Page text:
It’s not a huge surprise that the Detroit Red Wings won the Stanley Cup last night. I am amazed, however, at what they endured to claim the Cup. I’m thinking in particular of their Game 5 loss to the Pittsburgh Penguins. The Wings had dominated the play after rebounding from a 2-0, 1st period, deficit. They were up 3-2 late in the game and, to most, seemed destined to claim the Stanley Cup in 5 games. Instead, Maxime Talbot shocked Motown by scoring with 34 seconds left in the 3rd period. The shock was complete when Petr Sykora of the Penguins scored the winning goal in triple overtime.
But here’s what got me thinking about the emotional state of the Red Wings players. When a team is about to win the Stanley Cup a whole bunch of things begin to happen behind the scenes. Late in Game 5 a CBC camera detected the Cup being taken out of its casing to be prepared for on-ice presentation. At the same time there would have been a crew wheeling cases of champagne into the Red Wings dressing room. Another crew would have been installing plastic sheets in the dressing room to protect against spraying bubbly. And still another crew would have been bringing in Stanley Cup t-shirts and hats for the victors. These things would have been ready and in place with a minute remaining in Game 5. But then the Penguins tied the game with 34 seconds left. I can only imagine what the scene was like 34 seconds later…Red Wings players returning to their locker room. They would have seen all this stuff quickly trucked out…the champagne, the shirts, the hats. They would have witnessed a crew hastily tearing down plastic sheets. It would have been dejection poured onto dejection.
But now, we see how the story ended. The Red Wings picked themselves off the floor, took the play to the Penguins in Game 6, and won the Stanley Cup. How did they do it? What helped them to emotionally recover? How did they renew their strength? We can only speculate. Intense mental preparation. Good coaching. Strong inner resolve. Positive communication between teammates. I suspect that all of those things positioned the Red Wings to overcome the adversity that resulted from their Game 5 loss.
It is probably safe to say that the readers of this blog will never compete for the Stanley Cup, but it is likely that we all know what it is like to be floored emotionally. We all likely know the feeling of utter dejection and total frustration. When you find yourself in the day of trial, how do you cope? Do you rely on a strong inner resolve? Do you rely on the counsel of others to coach you through? Do you draw from the well of your previous experiences?
These things were enough to help one hockey team beat another hockey team. I, too, have been helped by wise counsel, positive communication, and unyielding determination. But I have also found that there are trials in life that require much more than a strong will and a good set of friends. As a Christian I have learned that enduring strength and contentment is a gift from God procured through earnest prayer.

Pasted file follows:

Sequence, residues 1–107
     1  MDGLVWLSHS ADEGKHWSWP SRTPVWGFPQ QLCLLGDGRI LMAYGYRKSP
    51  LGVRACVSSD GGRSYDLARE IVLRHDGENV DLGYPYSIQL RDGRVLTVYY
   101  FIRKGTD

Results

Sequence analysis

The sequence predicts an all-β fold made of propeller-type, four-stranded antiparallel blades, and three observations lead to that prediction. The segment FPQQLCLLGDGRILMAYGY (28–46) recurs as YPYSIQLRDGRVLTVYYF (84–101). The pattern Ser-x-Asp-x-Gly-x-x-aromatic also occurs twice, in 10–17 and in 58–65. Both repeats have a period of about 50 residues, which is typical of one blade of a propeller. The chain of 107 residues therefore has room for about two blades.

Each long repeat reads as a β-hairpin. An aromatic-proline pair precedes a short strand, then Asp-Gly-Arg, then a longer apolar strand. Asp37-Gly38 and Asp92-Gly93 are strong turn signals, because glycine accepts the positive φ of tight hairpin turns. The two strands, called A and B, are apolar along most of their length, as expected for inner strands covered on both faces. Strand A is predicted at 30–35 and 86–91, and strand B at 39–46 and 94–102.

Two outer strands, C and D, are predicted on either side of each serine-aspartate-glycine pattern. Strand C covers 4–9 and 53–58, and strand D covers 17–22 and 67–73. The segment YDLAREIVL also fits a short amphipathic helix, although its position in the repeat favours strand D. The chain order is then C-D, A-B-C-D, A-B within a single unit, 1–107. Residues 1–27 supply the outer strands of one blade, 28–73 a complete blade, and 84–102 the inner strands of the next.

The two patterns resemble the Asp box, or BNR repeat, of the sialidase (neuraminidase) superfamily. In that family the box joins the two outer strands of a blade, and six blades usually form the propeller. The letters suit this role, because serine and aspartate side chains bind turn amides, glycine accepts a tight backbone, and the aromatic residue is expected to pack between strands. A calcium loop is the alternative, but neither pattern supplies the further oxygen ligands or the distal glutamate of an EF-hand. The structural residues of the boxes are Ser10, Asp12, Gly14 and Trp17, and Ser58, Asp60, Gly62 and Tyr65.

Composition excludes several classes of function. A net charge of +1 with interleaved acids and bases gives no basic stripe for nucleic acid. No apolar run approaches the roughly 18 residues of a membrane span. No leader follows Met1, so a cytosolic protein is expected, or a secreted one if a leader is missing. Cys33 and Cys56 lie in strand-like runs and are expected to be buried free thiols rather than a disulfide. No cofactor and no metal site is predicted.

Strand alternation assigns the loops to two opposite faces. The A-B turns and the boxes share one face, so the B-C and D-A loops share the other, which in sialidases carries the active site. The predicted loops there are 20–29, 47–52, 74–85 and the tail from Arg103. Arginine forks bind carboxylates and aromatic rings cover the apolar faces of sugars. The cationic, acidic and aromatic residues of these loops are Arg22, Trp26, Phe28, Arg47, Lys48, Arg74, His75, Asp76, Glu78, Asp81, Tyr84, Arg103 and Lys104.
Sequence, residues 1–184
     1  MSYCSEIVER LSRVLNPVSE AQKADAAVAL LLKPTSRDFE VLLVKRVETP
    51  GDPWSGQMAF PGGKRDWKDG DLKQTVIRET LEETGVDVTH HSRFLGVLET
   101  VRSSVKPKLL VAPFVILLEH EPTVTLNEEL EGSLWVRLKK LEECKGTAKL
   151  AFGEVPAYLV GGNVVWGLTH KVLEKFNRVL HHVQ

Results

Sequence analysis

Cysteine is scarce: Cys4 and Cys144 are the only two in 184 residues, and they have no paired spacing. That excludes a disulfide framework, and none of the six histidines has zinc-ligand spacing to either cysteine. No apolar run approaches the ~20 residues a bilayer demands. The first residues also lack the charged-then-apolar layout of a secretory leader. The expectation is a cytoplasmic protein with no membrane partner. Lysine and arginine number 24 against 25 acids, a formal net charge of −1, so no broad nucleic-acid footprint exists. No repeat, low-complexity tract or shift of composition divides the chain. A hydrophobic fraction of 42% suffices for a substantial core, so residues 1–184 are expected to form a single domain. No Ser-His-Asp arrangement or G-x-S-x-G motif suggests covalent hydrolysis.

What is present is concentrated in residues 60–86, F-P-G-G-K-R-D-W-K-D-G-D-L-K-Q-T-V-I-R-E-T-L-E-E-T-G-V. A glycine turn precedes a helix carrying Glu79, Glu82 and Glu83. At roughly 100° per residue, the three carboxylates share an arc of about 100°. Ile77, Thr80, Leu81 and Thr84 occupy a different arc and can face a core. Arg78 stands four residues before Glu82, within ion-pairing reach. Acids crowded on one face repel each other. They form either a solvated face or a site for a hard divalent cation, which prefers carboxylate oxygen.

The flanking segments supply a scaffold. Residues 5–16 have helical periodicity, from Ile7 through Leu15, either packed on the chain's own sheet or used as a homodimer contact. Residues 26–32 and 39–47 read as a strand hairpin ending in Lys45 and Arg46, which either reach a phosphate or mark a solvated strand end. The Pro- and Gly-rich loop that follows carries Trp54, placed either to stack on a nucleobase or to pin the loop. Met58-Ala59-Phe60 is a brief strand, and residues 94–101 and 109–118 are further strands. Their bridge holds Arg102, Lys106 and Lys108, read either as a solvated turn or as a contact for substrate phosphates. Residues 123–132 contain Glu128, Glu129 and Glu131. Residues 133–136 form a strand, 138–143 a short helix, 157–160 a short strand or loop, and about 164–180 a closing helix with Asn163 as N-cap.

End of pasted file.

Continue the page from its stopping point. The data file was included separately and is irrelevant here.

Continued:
If you find yourself in a deep, dark place, laid low by painful circumstances, only God will do. King David, commander of the Israelite army, understood the temptation to trust in human resources amid tribulation, and this is what he writes in Psalm 20: “Some trust in chariots, and some in horses; but we will remember the name of the Lord our God. They have bowed down and fallen; but we have risen and stand upright.” (Psalm 20:7,8).
I have found this to be entirely true in my own life. It’s not that I ignore the human/material resources; they are helpful and often necessary. But, like David, I am learning not to depend on them. I need something bigger than my inner resolve to get me through difficult days. I need something bigger than my education and my life experiences to stand firm through life’s fiercest storms.
A couple Psalms previous, David also writes, “With God’s help I can advance against a troop; with my God I can leap over a wall” (Psalm 18:29). The normal course of life presents walls for each of us to climb over. Some of us are still climbing. Some of us have suffered from repeated falls and are now wondering if the wall can be even scaled.
The Bible says yes. When we trust “in the name of the Lord” we will prevail. Hardship will come. Being a Christian provides no exemption from suffering. However, the Christian who suffers needs to know that sufficient Help is nearby. “With my God I can leap over (life’s) walls” (see also Philippians 4:13).
We may get knocked down, but by God’s grace we’ll get back up again. And when we do, we’ll find our strength renewed and our faith in Christ refreshed.
Has that been your experience? Would you like that to be your experience? Let’s turn to Him. Let’s leap over that wall.